Education is a big thing at Rock-N-Water. From learning how to set up the rappel for campers, to how to best help kids find gold through placer mining, we’re learning how to do new things from day one. And we continue to learn throughout our entire season at Rock-N-Water as we improve upon the things we learned when we first arrived. We spend a bit of time each week learning, growing, and refining our skills (in addition to the occasional learning by error). When our seasonal staff head home for the “off season” we want the learning to continue. And so we have a Rock-N-Water Reading Plan.
The reading plan itself is actually pretty simple (read X book, and we’ll pay you Y), but it’s not those logistics that I’m wanting to talk about. Today I want to introduce you to the general idea, and in future posts we’ll look at each book along the way. But don’t worry, these won’t be some Cliff Notes book report on each book. Rather, I’ll hit upon a few highlights from each book – just enough to whet your appetite and to help you decide if maybe its worth a deeper read.
We’ve broken the books down into five main categories, mostly focused on the applicability of a given book to the hands on application of a given job at Rock-N-Water.
- Everyone – Books that could be of benefit to all of our staff from their first day till their 80th year.
- Guides – Staff whose primary job is the hands on application of everything Rock-N-Water is all about, “infecting young people with the joy of God’s living word, so that they might come to know Jesus and pass on God’s love with excitement.” These tend to be books that help us grow in our interpersonal skills, and in better identifying within ourselves exactly what we mean when we say that we are a follower of Christ.
- Trip Leaders – These guides take on the added responsibility of a youth group or school as a whole. They will also often lead the campfire devotionals, and so books for them tend to focus on leadership and communication.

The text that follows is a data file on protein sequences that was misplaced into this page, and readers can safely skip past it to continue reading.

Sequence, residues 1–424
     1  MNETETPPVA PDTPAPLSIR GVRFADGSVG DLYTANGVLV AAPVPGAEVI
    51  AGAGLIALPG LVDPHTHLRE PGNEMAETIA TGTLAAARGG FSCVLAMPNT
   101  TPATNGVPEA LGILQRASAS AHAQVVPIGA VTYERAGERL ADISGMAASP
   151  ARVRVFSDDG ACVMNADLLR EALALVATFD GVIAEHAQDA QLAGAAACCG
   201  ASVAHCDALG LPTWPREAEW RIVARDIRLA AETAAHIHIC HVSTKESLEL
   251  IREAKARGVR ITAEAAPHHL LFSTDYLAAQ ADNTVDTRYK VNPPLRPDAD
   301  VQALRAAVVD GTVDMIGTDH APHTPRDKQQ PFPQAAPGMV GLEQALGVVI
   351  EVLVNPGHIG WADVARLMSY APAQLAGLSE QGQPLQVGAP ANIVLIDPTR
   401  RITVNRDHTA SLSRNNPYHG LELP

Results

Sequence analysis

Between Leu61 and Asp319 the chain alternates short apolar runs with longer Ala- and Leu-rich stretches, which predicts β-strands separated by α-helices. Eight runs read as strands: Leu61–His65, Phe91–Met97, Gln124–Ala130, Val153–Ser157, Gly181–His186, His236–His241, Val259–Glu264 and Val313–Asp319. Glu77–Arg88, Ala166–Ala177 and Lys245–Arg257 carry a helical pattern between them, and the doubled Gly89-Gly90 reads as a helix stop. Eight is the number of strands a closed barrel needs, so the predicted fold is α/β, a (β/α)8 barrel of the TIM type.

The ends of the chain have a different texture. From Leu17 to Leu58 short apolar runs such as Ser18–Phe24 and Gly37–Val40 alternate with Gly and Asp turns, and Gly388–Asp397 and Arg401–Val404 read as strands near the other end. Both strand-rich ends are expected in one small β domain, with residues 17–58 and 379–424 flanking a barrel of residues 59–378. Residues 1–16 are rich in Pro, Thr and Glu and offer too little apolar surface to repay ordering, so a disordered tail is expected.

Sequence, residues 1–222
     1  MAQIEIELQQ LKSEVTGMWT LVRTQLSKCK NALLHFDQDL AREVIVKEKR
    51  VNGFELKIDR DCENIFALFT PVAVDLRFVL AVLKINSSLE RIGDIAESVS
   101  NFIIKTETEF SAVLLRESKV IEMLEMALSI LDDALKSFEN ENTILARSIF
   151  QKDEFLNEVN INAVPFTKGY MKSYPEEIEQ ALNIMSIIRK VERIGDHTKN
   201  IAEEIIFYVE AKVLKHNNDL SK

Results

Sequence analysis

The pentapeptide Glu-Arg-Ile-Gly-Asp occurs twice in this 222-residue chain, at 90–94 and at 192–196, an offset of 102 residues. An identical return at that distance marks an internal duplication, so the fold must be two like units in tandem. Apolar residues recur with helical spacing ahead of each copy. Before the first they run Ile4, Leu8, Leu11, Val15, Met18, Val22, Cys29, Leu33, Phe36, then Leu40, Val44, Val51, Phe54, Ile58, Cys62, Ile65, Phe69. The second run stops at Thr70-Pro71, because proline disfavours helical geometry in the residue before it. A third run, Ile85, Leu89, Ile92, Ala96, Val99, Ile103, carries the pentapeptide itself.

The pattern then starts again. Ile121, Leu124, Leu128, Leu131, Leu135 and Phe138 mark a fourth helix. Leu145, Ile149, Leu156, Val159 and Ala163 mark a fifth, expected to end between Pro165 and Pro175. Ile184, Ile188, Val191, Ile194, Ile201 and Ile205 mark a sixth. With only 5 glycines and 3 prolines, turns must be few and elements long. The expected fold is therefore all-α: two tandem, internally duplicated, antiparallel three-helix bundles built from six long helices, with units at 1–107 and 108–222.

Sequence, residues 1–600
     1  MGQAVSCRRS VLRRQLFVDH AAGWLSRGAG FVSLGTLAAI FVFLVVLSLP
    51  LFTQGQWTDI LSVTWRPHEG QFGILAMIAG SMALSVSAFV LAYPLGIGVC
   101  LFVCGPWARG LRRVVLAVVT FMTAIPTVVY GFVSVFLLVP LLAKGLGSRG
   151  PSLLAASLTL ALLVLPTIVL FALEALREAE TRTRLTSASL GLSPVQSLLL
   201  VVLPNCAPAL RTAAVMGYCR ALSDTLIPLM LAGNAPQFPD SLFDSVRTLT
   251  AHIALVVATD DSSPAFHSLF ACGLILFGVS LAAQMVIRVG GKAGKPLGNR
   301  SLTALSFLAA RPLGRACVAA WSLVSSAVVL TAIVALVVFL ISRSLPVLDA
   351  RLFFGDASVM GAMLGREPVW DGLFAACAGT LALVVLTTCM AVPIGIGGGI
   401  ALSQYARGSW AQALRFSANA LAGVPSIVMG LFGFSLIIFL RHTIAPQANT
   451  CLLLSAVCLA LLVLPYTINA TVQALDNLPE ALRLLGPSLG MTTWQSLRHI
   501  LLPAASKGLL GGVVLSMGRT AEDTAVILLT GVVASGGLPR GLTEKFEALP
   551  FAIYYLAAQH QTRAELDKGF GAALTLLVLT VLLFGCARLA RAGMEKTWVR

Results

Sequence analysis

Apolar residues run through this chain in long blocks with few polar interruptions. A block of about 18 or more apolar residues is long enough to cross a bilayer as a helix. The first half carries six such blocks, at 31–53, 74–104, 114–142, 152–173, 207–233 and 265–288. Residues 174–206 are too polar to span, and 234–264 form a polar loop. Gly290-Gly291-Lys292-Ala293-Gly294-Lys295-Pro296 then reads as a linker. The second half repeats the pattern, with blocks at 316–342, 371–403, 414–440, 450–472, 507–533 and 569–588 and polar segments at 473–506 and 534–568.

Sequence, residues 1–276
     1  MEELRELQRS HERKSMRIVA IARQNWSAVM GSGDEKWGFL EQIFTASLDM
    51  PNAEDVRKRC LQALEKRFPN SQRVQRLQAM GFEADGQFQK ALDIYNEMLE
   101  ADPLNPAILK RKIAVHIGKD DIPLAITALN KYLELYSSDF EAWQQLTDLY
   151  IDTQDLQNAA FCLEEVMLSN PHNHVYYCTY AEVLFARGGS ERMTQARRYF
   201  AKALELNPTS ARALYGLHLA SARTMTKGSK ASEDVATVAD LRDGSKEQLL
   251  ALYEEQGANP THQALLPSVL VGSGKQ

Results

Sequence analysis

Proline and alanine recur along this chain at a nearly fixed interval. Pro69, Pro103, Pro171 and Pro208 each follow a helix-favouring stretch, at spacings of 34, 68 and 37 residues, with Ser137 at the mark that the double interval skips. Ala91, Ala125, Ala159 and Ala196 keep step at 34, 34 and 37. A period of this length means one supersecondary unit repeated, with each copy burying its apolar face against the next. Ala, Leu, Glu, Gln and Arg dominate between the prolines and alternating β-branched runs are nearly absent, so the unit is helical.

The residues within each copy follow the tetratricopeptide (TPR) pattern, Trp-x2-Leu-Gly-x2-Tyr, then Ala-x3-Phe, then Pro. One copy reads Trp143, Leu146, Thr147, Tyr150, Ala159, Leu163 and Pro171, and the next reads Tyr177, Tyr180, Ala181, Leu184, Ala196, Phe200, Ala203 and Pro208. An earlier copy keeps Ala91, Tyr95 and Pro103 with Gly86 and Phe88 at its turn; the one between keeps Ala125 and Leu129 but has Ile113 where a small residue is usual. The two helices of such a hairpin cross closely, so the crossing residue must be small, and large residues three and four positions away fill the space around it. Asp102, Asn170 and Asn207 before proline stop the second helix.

- Managers – Call them managers or leaders or some new buzz word, these guides have taken on added responsibilities in overseeing the behind the scenes details of an area so that the guides using that area can focus more on the campers and less on the equipment breaking down.
- Ezers – Named from the same Hebrew word used to refer both to Eve as a helper, and to God as the protector of Israel (more on that later), these guides oversee the adventure of the day. Coordinating a mix of groups with varying needs and wants, into a well thought out day that makes the best of all the resources at hand to best meet the objectives of the groups.All while maintaining a fun and relatively safe environment to play in. These books tend to focus on group dynamics and understanding how people think.
Today we just wanted to introduce what will be an ongoing series about books that might be of interest. But if education is what we’re talking about then let’s get into some learning… The Hebrew word ezer is first used to refer to Eve as Adam’s “helper” or “help mate”. Following that, it’s almost exclusively used to refer to God himself as the savior or protector of Israel.
Maybe “help mate” isn’t quite as soft of a term as our western culture has come to think of it.